- Release Date 2018-11-26
- Label Safe Trip
- Catalog ST010
The collection includes a string of lauded revisions of the likes of Tolouse Low Trax, Africaine 808, BAR and Jose Padilla, all in a trademark percussion-rich, polyrhythmic style that joins the dots between the tropical rhythms of South America, the tribal musical traditions of Africa, the experimental electronics associated with Schulte's home city of Dusseldorf and the sun-kissed Balearica of Ibiza.
Since making his debut at the dawn of the decade, Schulte has carved out a niche as one of European electronic music's most distinctive artists. Under this best-known alias, Wolf Muller, the German producer has delivered a string of sought-after singles, two critically acclaimed collaborative albums (the most recent of which, produced alongside percussionist Niklas Wandt, was released earlier this year), and a swathe or radical remixes.
It's the latter that's showcased on Sorry For The Delay, whose apologetic title tips a wink to Safe Trip's debut release, a compilation of Young Marco remixes called Sorry For The Late Reply. The majority of the eight included reworks are revolutionary in nature, with Schulte gaining inspiration from, or making use of, just a handful of elements from the provided source material. For example, the oldest remix in the collection, a 2011 rub of Mungolian Jet Set's quirky disco cut 'Prog Rocks and Moon Jocks', made with Christian Pannenborg as Montezumas Rache, features numerous vocal and instrumental elements omitted from the Norwegian duo's final version.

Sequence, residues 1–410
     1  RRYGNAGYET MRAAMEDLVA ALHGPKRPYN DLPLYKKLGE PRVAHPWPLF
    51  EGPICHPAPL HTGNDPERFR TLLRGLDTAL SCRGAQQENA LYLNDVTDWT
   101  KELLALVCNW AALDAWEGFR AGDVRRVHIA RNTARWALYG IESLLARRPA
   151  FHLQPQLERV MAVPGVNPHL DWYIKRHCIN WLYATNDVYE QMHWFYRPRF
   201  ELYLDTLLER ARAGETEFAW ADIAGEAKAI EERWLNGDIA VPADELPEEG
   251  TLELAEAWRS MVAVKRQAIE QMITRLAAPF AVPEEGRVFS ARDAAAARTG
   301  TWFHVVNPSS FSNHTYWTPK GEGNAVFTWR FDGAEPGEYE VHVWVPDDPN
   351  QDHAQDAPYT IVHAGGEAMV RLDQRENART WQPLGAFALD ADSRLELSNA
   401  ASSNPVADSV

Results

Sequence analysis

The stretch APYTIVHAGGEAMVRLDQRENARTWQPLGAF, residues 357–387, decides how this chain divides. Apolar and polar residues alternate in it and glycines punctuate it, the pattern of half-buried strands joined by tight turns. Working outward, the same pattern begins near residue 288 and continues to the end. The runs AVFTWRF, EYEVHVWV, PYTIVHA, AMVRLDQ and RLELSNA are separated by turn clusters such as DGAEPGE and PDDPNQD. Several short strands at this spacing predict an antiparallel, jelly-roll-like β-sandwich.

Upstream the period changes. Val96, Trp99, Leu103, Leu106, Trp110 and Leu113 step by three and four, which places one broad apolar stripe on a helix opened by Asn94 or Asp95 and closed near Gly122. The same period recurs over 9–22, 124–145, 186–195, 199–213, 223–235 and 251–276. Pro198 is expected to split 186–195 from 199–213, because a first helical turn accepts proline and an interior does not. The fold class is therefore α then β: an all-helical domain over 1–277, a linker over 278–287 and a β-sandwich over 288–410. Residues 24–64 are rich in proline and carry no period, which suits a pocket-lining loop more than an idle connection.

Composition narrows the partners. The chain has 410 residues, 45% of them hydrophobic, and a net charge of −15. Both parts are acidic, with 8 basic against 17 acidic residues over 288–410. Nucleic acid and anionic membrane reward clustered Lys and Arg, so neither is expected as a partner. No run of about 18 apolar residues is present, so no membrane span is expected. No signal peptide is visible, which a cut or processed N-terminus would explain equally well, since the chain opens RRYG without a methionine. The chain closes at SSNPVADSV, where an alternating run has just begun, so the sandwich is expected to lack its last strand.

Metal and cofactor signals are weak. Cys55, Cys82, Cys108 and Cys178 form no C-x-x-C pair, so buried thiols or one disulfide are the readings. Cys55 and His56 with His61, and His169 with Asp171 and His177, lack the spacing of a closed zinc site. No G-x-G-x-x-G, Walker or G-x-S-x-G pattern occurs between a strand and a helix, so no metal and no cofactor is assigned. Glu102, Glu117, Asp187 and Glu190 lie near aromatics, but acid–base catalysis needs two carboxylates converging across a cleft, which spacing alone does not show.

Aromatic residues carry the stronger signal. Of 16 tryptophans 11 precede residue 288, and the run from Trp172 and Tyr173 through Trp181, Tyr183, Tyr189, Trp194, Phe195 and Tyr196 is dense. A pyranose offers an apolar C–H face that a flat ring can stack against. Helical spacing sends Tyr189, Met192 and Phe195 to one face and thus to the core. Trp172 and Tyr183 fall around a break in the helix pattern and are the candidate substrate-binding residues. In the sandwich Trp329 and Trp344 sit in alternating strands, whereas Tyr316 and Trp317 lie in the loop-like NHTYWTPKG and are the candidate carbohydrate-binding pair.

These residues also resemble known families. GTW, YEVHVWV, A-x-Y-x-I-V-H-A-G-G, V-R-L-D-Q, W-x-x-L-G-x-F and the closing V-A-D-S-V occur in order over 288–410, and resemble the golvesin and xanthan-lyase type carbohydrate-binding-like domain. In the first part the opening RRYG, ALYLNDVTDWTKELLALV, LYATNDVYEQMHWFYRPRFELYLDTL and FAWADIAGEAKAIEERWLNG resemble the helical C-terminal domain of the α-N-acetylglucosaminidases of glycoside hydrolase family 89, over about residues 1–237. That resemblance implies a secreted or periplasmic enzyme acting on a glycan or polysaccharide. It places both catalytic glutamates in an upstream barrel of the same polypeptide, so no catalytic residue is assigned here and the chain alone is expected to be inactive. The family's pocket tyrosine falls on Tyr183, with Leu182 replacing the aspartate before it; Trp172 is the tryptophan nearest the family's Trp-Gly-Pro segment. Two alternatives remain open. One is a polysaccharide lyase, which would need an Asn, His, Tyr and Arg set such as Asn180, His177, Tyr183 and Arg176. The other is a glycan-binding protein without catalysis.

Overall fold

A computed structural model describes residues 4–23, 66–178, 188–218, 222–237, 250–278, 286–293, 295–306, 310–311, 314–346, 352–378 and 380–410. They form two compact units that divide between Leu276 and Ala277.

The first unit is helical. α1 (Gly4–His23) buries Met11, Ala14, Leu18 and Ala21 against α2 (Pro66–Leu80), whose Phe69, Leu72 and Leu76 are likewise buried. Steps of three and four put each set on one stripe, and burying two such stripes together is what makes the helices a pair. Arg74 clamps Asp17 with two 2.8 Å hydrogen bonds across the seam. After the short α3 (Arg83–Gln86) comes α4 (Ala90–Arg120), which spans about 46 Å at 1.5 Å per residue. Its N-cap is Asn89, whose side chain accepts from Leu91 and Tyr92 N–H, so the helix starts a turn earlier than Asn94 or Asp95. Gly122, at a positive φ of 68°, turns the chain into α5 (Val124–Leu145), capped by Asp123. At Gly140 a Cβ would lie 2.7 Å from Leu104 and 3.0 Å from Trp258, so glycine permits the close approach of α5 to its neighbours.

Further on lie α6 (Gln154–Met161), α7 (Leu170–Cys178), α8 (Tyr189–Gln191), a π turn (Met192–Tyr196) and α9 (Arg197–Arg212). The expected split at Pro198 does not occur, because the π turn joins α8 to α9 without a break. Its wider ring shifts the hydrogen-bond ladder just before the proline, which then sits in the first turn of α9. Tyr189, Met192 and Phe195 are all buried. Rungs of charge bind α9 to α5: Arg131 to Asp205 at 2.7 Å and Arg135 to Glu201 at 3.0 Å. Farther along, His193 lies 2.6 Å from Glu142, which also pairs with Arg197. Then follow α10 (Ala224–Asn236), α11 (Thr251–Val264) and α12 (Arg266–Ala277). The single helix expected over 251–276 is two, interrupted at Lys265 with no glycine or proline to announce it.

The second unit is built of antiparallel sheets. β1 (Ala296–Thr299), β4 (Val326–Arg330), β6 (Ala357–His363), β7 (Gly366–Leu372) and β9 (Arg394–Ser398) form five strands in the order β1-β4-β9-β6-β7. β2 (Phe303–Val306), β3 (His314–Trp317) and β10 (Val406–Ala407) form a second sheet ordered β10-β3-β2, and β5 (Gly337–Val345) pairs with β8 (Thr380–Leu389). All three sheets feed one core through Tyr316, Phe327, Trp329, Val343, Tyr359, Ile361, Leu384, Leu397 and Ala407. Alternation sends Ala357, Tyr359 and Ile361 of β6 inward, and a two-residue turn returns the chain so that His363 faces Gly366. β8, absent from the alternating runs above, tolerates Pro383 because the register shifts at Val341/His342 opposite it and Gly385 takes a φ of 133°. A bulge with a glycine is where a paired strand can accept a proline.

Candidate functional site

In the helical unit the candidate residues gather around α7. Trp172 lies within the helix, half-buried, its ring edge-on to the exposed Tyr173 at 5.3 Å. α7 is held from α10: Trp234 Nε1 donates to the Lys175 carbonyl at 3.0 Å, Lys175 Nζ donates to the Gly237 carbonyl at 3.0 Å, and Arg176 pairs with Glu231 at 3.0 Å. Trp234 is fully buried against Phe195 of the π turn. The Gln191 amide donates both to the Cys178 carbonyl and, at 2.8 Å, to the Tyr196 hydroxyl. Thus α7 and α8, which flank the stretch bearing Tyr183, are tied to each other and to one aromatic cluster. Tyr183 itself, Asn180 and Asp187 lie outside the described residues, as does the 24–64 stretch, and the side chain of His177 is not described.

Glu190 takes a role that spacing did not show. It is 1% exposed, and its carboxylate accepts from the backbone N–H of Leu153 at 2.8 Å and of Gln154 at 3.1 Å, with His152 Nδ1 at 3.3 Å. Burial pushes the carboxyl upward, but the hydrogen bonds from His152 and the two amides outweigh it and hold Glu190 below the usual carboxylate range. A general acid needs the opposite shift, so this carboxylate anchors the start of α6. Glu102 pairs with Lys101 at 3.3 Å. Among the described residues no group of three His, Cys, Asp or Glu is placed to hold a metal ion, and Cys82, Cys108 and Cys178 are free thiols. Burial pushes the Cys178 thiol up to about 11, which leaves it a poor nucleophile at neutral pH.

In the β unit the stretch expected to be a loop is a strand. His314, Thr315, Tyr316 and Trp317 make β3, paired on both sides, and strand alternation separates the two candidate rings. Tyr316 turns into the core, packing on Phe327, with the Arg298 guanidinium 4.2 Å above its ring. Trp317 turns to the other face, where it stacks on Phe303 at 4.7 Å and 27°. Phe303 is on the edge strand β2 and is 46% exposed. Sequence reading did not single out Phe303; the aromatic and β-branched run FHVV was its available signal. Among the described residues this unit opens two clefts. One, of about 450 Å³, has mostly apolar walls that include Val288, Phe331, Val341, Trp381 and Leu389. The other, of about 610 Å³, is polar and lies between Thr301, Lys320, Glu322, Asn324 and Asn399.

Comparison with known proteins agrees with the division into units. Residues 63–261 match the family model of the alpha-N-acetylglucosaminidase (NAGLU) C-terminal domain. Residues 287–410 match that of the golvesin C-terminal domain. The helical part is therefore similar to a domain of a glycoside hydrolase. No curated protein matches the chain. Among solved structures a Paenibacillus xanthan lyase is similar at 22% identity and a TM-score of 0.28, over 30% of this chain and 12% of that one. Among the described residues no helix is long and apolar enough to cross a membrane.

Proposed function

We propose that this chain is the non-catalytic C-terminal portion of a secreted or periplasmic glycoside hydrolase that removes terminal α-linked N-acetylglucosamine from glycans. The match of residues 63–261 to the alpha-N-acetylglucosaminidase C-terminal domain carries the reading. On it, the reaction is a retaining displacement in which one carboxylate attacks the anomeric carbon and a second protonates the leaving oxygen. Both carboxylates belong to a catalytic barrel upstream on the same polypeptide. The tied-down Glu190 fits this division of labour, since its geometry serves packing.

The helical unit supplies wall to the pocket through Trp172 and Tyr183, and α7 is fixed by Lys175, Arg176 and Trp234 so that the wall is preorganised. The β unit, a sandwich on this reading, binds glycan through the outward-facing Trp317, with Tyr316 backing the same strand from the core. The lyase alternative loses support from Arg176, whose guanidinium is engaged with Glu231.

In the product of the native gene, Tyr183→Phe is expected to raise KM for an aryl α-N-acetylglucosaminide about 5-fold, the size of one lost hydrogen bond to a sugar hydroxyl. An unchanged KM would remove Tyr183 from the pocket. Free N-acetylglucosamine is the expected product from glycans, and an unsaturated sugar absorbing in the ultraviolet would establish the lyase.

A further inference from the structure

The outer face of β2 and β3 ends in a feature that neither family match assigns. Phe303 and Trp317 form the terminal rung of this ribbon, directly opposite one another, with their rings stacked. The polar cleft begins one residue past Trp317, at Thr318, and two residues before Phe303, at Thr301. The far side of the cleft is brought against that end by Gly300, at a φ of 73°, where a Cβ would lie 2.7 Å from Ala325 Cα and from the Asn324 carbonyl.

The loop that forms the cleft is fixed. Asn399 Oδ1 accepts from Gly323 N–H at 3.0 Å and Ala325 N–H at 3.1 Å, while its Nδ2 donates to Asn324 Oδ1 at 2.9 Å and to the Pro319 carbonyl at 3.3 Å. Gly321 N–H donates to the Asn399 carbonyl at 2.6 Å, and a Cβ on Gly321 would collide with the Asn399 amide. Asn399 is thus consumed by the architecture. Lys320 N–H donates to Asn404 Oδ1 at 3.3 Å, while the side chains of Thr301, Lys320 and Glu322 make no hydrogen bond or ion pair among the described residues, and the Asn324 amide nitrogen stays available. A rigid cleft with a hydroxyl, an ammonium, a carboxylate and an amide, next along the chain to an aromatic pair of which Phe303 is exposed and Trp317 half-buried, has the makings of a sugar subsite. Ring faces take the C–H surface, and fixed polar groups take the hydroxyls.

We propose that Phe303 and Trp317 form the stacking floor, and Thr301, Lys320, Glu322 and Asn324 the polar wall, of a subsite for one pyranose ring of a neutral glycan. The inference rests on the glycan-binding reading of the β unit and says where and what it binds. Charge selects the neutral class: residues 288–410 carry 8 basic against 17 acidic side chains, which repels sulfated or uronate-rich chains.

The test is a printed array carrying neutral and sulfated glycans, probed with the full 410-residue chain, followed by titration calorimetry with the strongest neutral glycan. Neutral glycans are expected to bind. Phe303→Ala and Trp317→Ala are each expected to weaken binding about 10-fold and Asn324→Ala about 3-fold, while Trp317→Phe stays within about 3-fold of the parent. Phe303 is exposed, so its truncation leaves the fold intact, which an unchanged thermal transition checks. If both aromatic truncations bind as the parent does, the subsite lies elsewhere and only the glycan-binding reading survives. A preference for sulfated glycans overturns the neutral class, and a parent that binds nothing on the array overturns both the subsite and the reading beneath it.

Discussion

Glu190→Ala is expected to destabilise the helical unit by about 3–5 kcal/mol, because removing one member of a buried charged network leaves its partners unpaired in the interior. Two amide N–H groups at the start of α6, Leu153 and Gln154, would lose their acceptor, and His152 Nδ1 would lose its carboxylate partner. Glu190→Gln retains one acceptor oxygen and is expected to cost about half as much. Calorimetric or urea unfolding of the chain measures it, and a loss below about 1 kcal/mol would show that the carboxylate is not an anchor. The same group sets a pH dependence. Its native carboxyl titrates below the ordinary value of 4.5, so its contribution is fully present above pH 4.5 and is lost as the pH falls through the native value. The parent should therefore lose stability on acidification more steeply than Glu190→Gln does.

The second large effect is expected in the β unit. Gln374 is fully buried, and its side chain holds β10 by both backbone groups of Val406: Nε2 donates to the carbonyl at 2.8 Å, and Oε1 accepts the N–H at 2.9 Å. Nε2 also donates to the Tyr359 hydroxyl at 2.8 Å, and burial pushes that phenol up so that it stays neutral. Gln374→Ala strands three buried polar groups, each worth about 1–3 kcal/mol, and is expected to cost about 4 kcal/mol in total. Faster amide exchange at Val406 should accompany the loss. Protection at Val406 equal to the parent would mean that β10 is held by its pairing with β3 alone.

The collection naturally comes packed with deliciously percussive moments, including an undeniably heavyweight translation of Tolouse Low Trax's 'Jaidem Fall' - the first ever Wolf Muller remix from 2014 - a chiming, melodious and sun-kissed revision fo BAR's 2016 cut 'BAR Theme', an inspired tweak of Africaine 808's 'Rhythm Is All You Can Dance' and a riotous take on 'Ba Ha Du', a never-before-released track from Schulte's other headline-grabbing, club-rocking pseudonym, Bufiman.
Schulte's ability to create mesmerizing, slow burn soundscapes can be heard across the compilation, too, from the druggy and psychedelic pulse of his krautrock-influenced version of Telespazio's 'Barrier' and the humid tropicality of the Deep Dub of Sound Species 'Balafon Jam', to the dreamy new age synthesizer lines, twanging Jews Harp and seductive beats of Jose Padilla collaboration 'Oceans on the Moon'.